Some of those associated with HIID allegedly profited directly from it. HIID helped established Russia’s Federal Commission on Securities, roughly the equivalent of the SEC in the U.S. It was officially established by Yeltsin proclamation, and funded by the U.S. government through institutions run by those around the Harvard-Chubais coterie. The first mutual fund licensed by the Commission was headed by Elizabeth Hebert, who was the girlfriend of Jonathan Hay, Harvard’s manager and point man in Moscow.
Harvard appears to have benefited from HIID’s Russia connection. Harvard Management Company, the university’s endowment fund, was allowed to participate in choice auctions of Russian government property, despite the fact that foreign investors were supposed to be excluded under auction rules.
In 1996, the GAO found that U.S. oversight over Harvard was “lax,” and, following allegations in 1997 that Shleifer and the other Harvard principals used their positions and inside knowledge as advisers to profit from investments in Russia, the U.S. government cancelled the last $14 million earmarked for Harvard. Shleifer, now under investigation by the Justice Department, was dismissed by HIID. (Still, Shleifer, who is a protégé of Treasury Secretary Summers, received the Clark Award from the American Economic Association this year, an award that Summers, who has been the architect of economic policy toward Russia, received in 1993. The association’s president-elect, Dale Jorgenson, said Shleifer’s scandal “was not even mentioned” in their considerations–New York Times, 4/26/99.)
In Privatizing Russia, co-authored by Shleifer with Chubais associate Maxim Boycko, they acknowledge that “aid can change the political equilibrium–by explicitly helping free-market reformers to defeat their opponents.” Richard Morningstar, U.S. aid coordinator for the former Soviet Union, concurred (Collision and Collusion, Wedel): “If we hadn’t been there to provide funding to Chubais, could we have won the battle to carry out privatization? Probably not. When you’re talking about a few hundred million dollars, you’re not going to change the country, but you can provide targeted assistance to help Chubais.”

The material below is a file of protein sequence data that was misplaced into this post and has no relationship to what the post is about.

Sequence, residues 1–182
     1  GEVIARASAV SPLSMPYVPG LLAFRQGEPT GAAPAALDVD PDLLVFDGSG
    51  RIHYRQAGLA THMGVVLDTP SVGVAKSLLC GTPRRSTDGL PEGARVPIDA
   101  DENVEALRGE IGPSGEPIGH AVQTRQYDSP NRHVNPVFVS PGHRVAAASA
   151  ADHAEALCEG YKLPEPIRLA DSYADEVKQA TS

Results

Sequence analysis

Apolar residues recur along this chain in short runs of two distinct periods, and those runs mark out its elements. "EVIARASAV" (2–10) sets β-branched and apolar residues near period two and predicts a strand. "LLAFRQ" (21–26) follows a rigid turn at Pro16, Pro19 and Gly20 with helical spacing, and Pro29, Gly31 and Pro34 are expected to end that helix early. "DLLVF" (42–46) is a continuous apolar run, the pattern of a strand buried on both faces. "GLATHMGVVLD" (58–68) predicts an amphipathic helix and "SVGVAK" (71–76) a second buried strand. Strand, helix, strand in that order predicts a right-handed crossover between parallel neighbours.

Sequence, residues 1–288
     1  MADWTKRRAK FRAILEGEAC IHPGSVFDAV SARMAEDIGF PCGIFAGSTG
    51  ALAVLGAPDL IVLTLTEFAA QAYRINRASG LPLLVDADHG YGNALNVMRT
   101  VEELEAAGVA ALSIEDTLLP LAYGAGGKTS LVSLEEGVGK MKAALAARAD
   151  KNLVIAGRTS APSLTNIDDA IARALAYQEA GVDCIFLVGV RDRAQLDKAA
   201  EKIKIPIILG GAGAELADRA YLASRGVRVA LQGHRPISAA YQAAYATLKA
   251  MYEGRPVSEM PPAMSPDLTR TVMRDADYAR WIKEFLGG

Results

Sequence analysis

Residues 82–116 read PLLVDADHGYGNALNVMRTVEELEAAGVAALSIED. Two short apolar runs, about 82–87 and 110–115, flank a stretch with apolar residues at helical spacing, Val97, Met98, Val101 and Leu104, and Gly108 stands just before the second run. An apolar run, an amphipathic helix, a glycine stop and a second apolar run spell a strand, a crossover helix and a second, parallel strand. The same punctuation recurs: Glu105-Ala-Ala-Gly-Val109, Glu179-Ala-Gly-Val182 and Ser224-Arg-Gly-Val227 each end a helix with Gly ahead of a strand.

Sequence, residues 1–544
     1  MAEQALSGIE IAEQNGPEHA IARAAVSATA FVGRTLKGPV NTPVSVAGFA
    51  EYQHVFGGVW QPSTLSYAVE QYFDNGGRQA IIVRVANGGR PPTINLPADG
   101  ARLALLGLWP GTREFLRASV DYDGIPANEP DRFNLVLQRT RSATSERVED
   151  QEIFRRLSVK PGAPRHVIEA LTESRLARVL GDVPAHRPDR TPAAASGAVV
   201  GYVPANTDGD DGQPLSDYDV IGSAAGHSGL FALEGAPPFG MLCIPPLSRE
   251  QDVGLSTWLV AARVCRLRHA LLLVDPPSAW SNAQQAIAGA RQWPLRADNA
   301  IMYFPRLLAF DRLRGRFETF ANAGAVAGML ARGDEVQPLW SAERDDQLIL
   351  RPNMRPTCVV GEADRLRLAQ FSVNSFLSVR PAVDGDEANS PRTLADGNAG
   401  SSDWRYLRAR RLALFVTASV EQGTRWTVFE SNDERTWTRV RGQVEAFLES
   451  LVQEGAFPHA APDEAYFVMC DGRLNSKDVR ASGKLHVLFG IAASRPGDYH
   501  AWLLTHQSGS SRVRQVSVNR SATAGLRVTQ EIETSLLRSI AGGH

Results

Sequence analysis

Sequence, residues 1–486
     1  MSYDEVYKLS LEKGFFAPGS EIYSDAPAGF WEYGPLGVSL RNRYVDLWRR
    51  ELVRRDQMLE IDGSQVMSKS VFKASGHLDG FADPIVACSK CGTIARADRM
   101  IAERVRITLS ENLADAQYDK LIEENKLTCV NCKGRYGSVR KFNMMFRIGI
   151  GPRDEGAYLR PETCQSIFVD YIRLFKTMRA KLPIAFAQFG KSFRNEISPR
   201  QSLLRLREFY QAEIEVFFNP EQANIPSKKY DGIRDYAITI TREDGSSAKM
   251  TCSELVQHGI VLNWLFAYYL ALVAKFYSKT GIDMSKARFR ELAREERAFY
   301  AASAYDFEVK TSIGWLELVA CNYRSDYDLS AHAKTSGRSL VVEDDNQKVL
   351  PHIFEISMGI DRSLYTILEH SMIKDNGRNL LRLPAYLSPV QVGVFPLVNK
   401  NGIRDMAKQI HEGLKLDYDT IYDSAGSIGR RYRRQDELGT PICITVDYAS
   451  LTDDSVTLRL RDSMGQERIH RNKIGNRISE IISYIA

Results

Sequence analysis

Leonid Krutakov, Russian investigative reporter for the publication Moskovsky Komsolets noted that throughout the Yeltsin years, “both the foreign and domestic press created a central deception–a false set of ‘alternatives.’ The idea was pushed on both sides of that Atlantic that if you didn’t support Chubais, you were supporting the communists.” Krutakov, who has broken many of the scandal stories, noted (eXile, 10/23/99):
Obviously it’s difficult to come into a country blind and just evaluate the situation instantly. You draw your conclusions from people you meet. Western reporters came in and talked to Chubais, and Chubais tossed words around like “market,” “profit,” “openness”–all the right words. And this was the only view point of view they heard that made sense, as far as they knew.
Janine R. Wedel is associate professor at the University of Pittsburgh and is the author of Collision and Collusion: The Strange Case of Western Aid to Eastern Europe. Think Tank Monitor is a project of FAIR and the Institute for Public Accuracy (www.accuracy.org).